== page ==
This NBA draft brought to you by the No. 3

Carmelo Anthony. (Matt Slocum/AP)
Carmelo Anthony. (Matt Slocum/AP)
Posted: June 27, 2014

THE NO. 3 PICK in the NBA draft isn't always a gift. It's a spot where you feel the pressure of taking who is deemed the third best player instead of just taking the player who will help you the most.

It's worrying that if you don't pick that certain player it's going to come back to haunt you later. Or you get stuck with a consolation prize, a guy who might not be anywhere near as good as the first or second pick. Maybe this is why the No. 3 spot has a history of mixed results.

Since the NBA draft lottery began in 1985, there have been terrible picks and there have been great picks. There have been players picked who underachieved and players who overachieved and became All-Stars, although it is rare when the three top picks in the same draft all end up to be All-Stars.

The great

1994: This might have been a year, much like this year, where any one of three players could have been the top pick. The Milwaukee Bucks took Glenn Robinson, who was a nice fit with Ray Allen and Sam Cassell. The Dallas Mavericks needed a floor general and took Jason Kidd, who went on to be one of the best point guards the game has ever seen. And at No. 3, Grant Hill fell into the lap of the Detroit Pistons. Hill, even with all the injuries he battled throughout his pro career, might have been the best No. 3 pick of the lottery era. All three combined to make 19 All-Star appearances.

2003:Carmelo Anthony dropped from the sky and the Denver Nuggets were waiting. After LeBron James went first, for whatever reason, Pistons GM Joe Dumars took Darko Milicic second. At the time, Milicic was supposed to be the next great thing out of Europe. He wasn't. Anthony has had a superb career in Denver and New York, scoring 19,958 points in his first 11 seasons. He has been named to seven All-Star teams and led the league in scoring in 2012-13. Milicic ended up with 2,813 career points with six different teams and has been out of the NBA since the Celtics waived him in November 2012.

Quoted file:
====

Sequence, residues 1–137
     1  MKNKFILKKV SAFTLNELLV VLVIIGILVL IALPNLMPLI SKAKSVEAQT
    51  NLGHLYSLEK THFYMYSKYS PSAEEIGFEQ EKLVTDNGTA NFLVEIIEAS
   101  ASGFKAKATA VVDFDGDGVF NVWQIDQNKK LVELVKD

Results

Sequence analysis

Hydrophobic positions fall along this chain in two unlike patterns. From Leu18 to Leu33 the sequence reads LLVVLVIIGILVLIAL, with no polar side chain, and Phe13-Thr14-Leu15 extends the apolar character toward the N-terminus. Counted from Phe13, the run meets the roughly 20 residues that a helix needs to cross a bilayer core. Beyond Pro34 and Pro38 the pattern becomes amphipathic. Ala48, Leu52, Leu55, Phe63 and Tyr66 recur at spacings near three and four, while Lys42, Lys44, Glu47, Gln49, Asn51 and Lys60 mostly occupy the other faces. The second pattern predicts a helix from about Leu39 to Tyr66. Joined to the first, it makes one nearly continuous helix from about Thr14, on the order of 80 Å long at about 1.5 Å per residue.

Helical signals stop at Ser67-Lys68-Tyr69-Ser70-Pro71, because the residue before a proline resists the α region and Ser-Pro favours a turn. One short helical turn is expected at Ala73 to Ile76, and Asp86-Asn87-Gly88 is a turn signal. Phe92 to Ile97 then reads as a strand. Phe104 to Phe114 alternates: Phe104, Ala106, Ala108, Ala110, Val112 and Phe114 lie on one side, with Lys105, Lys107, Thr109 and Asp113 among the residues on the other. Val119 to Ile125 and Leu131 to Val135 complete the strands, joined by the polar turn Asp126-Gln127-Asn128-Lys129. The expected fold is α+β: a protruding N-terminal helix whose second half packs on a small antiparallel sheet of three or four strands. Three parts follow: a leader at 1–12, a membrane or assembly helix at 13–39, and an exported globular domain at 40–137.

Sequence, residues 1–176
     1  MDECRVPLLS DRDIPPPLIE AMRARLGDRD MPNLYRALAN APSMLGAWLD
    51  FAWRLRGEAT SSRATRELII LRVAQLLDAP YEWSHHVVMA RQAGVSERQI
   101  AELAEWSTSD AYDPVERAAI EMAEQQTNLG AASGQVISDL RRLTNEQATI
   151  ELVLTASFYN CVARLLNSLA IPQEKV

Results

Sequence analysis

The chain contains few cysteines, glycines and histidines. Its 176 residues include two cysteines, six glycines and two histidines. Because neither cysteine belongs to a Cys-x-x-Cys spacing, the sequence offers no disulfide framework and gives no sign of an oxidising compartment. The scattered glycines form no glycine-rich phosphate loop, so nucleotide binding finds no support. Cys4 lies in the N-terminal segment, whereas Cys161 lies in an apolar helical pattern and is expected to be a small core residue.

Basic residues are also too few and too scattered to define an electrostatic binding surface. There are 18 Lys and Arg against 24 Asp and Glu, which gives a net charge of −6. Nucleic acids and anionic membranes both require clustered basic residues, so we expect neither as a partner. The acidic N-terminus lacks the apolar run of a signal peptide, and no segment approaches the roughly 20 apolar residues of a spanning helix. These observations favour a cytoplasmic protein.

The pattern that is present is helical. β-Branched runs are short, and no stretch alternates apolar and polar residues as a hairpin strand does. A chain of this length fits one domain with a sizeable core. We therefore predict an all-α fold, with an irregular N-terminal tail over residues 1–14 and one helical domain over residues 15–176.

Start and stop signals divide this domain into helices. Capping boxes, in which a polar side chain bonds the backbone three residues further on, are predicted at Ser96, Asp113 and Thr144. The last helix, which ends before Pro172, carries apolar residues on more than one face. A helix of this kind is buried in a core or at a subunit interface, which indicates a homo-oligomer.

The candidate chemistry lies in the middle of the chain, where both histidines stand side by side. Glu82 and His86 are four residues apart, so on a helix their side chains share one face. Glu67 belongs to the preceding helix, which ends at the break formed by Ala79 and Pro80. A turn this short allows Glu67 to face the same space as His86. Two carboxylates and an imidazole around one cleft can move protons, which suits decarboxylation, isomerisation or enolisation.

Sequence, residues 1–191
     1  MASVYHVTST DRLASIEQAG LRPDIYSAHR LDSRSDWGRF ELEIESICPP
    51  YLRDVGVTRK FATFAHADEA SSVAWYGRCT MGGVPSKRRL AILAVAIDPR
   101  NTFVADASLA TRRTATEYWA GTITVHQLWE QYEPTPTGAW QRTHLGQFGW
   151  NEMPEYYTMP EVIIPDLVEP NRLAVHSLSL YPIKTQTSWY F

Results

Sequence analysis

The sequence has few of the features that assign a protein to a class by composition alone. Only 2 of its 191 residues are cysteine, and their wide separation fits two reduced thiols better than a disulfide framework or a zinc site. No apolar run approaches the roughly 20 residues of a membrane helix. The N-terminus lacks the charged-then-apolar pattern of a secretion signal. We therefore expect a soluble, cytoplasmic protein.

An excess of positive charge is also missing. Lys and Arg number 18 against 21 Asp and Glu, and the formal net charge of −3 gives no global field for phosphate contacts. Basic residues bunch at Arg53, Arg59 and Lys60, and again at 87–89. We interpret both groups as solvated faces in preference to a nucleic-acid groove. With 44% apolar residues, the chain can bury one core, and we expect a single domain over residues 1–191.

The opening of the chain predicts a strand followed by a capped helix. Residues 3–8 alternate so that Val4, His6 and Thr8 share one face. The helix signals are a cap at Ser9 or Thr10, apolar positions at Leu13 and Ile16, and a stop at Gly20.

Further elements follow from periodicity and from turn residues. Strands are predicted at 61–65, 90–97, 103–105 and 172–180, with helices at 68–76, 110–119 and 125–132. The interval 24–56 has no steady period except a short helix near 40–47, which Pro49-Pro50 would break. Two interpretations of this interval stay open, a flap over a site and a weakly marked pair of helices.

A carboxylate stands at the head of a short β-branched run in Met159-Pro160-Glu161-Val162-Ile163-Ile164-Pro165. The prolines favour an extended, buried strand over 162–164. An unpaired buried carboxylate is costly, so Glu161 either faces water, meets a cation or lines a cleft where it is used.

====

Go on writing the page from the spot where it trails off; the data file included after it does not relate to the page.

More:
The All-Stars

1989 and 2005: The only times that a No. 3 pick has made an All-Star team and the top two picks did not came when Sean Elliott was taken by the Spurs in 1989 and the Utah Jazz selected Deron Williams in 2005. Elliott, one of only three lottery picks in the history of San Antonio (David Robinson in 1987 and Tim Duncan in 1997) was a two-time All-Star. Top pick Pervis Ellison and Danny Ferry were taken 1-2. Williams, fresh off taking Illinois to the national championship game, was picked after Andrew Bogut and Marvin Williams. Williams has made three All-Star teams.

1992:Christian Laettner, a Dream Teamer coming off a tremendous college career at Duke, was the consolation prize after Orlando took Shaquille O'Neal first and the Charlotte Hornets selected Alonzo Mourning No. 2. Laettner had a solid yet unspectacular career but did make an All-Star team, marking the first time since the lottery that all three top picks were All-Stars.